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This is definitely off topic for SourceForge -- I do want to record some things here, but then I need to (probably starting in January, 2003) make a renewed effort to install TWiki on another Internet hosting site for things that don't belong on SourceForge.

I do some of my own car repairs -- I've learned a few things along the way (and I've forgotten and may never remember many of those) but I'd like to record some of the more recent ones, and gradually any others that I can remember.

(I thought I had already recorded something about the front disk brakes on my Topaz -- but a quick search today didn't find anything.)

See AboutThesePages.


1994 Mercury Topaz

4 cylinder gas engine, auto transmission, A/C

Acquired at a reasonable price at 100,000 miles with no visible oil leaks (and still none). (_The oil drain plug was frozen in place and I had a great deal of trouble removing it -- finally took it to one of those speedy lube places (in Pittsburgh) which managed to remove it (and replace it). I think the problem is partially due to a steel bolt in an aluminum drain pan.

(Fairly extensive (front?) suspension repairs at first inspection -- I should look for the bill and record those here -- I'm now experiencing rear shock symptoms (at 135,000 miles).)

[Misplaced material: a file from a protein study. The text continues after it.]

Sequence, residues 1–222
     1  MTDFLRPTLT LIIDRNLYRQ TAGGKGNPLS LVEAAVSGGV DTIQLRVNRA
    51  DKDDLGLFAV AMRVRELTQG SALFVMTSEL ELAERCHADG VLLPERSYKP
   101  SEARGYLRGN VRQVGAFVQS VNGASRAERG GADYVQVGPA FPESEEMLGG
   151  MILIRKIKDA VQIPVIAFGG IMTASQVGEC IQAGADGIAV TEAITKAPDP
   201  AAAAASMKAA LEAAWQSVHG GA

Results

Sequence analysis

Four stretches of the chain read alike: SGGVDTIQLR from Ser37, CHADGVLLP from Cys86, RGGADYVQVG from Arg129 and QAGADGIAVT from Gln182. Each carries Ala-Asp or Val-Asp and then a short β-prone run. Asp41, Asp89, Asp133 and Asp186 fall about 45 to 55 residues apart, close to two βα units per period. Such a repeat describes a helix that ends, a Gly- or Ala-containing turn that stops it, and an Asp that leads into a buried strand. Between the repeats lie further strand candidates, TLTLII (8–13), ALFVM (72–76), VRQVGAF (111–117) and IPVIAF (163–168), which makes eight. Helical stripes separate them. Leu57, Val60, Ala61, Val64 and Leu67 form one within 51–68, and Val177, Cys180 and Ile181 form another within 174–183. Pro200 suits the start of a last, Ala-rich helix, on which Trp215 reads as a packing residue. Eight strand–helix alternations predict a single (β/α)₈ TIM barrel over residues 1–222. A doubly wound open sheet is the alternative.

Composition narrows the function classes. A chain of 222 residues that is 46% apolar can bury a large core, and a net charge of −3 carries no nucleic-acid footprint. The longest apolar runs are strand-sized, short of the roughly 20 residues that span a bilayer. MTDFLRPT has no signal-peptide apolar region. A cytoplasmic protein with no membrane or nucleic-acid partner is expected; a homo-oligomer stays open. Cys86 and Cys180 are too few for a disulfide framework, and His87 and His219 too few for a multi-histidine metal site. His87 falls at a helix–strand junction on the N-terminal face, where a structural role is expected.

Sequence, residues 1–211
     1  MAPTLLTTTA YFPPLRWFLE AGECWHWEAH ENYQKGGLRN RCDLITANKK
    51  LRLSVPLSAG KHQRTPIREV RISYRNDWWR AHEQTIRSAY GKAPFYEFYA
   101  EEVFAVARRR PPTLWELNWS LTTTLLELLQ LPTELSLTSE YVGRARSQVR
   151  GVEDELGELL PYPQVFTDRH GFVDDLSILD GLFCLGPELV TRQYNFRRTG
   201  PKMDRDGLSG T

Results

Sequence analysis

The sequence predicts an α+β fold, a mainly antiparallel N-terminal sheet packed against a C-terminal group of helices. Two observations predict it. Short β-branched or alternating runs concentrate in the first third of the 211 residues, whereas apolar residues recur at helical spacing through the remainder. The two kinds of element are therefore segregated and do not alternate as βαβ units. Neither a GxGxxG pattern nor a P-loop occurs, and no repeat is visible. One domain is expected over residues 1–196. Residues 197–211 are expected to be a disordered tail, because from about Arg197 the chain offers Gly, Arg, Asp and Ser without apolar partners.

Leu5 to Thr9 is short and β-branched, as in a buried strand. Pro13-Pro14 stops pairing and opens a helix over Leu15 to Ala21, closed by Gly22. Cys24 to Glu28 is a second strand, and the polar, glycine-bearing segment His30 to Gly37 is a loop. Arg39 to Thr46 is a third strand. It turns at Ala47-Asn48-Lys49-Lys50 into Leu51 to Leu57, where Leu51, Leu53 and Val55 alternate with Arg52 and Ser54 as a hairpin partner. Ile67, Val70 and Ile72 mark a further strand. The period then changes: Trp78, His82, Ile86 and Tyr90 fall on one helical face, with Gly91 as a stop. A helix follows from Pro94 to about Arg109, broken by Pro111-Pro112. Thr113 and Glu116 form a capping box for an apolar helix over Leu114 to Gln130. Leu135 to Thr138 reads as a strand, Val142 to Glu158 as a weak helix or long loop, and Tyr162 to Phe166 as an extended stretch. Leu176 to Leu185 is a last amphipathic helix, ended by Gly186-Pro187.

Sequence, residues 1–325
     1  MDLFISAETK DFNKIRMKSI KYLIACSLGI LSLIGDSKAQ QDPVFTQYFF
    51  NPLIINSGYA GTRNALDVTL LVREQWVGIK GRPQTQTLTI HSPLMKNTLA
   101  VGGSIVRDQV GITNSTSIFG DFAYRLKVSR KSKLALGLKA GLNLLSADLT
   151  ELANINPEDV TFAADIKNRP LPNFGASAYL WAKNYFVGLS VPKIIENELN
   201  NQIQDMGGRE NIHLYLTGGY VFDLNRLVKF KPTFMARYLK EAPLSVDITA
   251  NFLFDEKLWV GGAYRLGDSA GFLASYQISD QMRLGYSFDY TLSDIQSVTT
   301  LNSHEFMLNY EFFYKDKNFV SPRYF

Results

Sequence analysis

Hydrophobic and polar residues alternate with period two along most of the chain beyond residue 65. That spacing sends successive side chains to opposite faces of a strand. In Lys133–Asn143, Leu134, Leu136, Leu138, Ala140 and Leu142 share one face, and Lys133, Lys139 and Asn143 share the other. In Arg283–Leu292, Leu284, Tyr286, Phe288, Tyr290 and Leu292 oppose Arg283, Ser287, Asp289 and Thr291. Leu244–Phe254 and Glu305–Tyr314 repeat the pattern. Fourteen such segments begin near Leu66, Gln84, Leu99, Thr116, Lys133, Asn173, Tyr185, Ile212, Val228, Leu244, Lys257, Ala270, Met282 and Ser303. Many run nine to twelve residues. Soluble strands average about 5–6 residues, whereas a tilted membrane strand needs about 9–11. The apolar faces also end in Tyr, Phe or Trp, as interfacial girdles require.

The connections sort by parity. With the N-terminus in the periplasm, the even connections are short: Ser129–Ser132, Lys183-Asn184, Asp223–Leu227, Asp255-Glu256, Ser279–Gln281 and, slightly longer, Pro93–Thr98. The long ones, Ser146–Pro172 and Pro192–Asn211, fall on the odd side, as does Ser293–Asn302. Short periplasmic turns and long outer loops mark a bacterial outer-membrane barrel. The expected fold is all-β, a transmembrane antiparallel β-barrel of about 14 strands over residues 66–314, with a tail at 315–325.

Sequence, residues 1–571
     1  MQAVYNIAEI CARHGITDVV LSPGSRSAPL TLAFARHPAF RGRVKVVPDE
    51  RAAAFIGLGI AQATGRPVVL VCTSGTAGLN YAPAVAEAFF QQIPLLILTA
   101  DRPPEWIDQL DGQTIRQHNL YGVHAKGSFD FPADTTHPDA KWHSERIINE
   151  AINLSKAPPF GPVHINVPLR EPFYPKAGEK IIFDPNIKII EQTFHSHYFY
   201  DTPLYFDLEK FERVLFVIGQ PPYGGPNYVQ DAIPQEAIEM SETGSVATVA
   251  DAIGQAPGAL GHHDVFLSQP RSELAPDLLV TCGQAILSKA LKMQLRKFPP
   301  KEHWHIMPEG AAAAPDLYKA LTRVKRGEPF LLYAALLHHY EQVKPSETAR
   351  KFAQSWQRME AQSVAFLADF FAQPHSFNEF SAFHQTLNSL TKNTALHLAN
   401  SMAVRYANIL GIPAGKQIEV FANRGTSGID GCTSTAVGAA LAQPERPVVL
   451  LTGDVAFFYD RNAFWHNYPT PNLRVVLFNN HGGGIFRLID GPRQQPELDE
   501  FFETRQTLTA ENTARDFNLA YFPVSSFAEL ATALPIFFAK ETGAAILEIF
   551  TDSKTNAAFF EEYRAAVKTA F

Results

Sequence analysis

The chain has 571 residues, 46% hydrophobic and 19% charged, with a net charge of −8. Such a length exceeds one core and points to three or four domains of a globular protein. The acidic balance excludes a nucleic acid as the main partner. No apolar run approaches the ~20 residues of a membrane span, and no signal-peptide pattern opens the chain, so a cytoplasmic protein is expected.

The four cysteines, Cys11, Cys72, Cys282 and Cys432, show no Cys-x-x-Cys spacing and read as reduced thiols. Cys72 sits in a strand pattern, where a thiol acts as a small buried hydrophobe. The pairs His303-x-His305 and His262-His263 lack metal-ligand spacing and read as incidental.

Somewhere after buying it I noticed that it shifted "funny" compared to other cars I was used to. I dropped the transmission pan and changed the fluid. Found some small particles (like a faint smudge of Never Seez type stuff) and had a transmission specialist test drive it -- he thought the shifting was normal. (Maybe it's a two speed -- I don't really know -- I should have asked him -- maybe I did, but I can't recall the answer if I did.)

Front Disk Brakes

At about 130,000 miles:


  • A large C-Clamp let me push the caliper back into the piston to let me take the caliper assembly off the rotor (after I removed two holding screws that had a Torx head (T-20? -- I had to buy one)
  • The (a) book warned me to siphon some fluid out of the master cylinder to avoid overflow when retracting the caliper -- I looked before I retracted the first caliper -- looked like I had plenty of room (and I did) didn't look before the second and did not have enough room.
  • The disks needed to be replaced (they were in pretty bad shape with a deep groove on the back side of each, lots of rust, etc.). They were fairly inexpensive to buy (about $14.50 each), so I bought new instead of attempting to have them resurfaced. They were frozen tight on the hubs -- I thought about finding a large gear puller -- one of the guys at the store where I bought the disks recommended I use a ball pein hammer to strike the disk sharply and hard between the wheel studs (I don't know if I'm using all terminology correctly). I was worried about damaging the bearings (on these front wheels of this front wheel drive car) -- so far (after maybe 3-5000 miles, no sign of trouble. Keeping my fingers crossed.